Apparently the length of the contract it would take to sign Albert Pujols was less of a problem for the Cardinals than we were led to believe.
Reports prior to the end of talks yesterday indicated that the Cardinals didn't want to sign Pujols to a contract longer than six or seven seasons. But SI.com's Jon Heyman reports tonight that the Cardinals were willing to go nine -- or even 10 years. The only catch is that the offer was in the $200 million range. Or $75 million less than the Alex Rodriguez contract.
That would seem to be more of an annual value problem than a length of contract problem. Who would expect Pujols to take $20-22 million a year when Ryan Howard is making $25 million?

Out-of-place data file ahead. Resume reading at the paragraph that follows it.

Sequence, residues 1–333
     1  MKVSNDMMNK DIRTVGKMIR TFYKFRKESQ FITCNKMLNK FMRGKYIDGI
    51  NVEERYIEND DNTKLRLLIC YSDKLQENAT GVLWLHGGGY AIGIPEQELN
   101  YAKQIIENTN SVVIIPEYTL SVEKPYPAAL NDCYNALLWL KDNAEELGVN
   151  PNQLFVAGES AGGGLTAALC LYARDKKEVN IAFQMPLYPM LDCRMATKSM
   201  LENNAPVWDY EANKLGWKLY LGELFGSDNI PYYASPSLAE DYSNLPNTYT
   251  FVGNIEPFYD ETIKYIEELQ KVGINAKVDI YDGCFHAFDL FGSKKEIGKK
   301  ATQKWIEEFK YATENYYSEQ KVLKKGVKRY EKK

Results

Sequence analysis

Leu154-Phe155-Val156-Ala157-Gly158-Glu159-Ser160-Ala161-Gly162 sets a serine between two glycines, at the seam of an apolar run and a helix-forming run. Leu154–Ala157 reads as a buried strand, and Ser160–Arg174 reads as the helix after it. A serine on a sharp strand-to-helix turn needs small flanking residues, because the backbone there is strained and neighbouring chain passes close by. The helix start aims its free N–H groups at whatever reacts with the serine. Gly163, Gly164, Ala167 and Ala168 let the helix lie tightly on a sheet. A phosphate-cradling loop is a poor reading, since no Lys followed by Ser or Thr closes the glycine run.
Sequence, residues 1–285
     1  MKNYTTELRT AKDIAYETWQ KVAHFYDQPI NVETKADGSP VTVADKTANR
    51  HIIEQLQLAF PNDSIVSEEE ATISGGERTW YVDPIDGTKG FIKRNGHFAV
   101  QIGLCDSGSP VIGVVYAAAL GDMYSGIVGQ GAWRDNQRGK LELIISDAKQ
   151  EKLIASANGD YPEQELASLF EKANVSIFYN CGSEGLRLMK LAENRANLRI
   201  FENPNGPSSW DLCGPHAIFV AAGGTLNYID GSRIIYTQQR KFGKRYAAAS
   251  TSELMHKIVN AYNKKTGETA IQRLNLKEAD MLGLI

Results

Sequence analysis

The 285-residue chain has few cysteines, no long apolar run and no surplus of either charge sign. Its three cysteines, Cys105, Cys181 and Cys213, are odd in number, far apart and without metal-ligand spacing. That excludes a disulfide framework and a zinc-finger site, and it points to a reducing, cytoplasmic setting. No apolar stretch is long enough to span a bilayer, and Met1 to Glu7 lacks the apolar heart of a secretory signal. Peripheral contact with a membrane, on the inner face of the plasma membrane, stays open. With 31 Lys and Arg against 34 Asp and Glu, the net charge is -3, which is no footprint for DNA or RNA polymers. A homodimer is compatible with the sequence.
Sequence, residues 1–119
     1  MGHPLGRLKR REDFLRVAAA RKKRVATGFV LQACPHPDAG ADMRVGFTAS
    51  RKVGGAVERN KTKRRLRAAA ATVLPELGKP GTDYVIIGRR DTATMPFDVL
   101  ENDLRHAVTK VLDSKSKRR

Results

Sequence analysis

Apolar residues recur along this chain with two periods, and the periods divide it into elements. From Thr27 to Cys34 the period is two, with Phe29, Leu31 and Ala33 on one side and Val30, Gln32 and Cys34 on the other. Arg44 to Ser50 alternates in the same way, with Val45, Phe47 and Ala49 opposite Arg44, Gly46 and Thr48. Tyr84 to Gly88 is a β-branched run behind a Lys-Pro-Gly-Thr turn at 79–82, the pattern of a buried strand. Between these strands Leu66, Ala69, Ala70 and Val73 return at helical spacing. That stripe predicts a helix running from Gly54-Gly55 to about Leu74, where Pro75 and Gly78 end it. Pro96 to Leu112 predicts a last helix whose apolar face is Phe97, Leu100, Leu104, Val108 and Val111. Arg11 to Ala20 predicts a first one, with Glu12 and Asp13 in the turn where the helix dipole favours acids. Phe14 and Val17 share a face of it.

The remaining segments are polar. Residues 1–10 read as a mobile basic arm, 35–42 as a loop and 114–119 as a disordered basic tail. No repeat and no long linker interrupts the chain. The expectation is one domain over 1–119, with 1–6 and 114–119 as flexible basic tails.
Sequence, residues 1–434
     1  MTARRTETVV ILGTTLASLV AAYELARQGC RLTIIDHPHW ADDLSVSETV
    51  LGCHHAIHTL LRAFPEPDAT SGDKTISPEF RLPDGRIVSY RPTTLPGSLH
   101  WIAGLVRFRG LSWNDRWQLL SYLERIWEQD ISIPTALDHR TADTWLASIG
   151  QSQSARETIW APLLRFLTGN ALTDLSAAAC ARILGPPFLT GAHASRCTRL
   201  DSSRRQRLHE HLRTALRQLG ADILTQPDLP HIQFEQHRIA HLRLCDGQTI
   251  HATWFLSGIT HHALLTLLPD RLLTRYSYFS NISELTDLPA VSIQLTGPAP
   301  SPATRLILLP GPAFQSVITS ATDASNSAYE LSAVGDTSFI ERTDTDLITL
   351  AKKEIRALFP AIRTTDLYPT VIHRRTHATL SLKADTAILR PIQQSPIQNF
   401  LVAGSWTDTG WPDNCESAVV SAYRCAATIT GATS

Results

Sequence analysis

It bothers me that the Cardinals claimed they had reservations about paying Pujols past his prime when that apparently proved no obstacle at all. They just want to pay him at bargain basement prices.
The bright side is the fact that the Cardinals were willing to go nine or 10 years might mean that there is a smaller gap between the two sides than we have been led to believe. If the Redbirds could swallow a little bit more per year, could they get a deal done?
If they came up to $28 million a year -- but only for eight years -- that's $234 million. Not too much difference in terms of percentage. But instead of making Pujols the fourth-highest paid first baseman, he'd be the highest paid player in baseball in terms of annual value. I think that would carry some weight, especially if the Cardinals threw in a couple of vesting option years that would allow him to hit the 10 year mark if Pujols was still performing at a high level.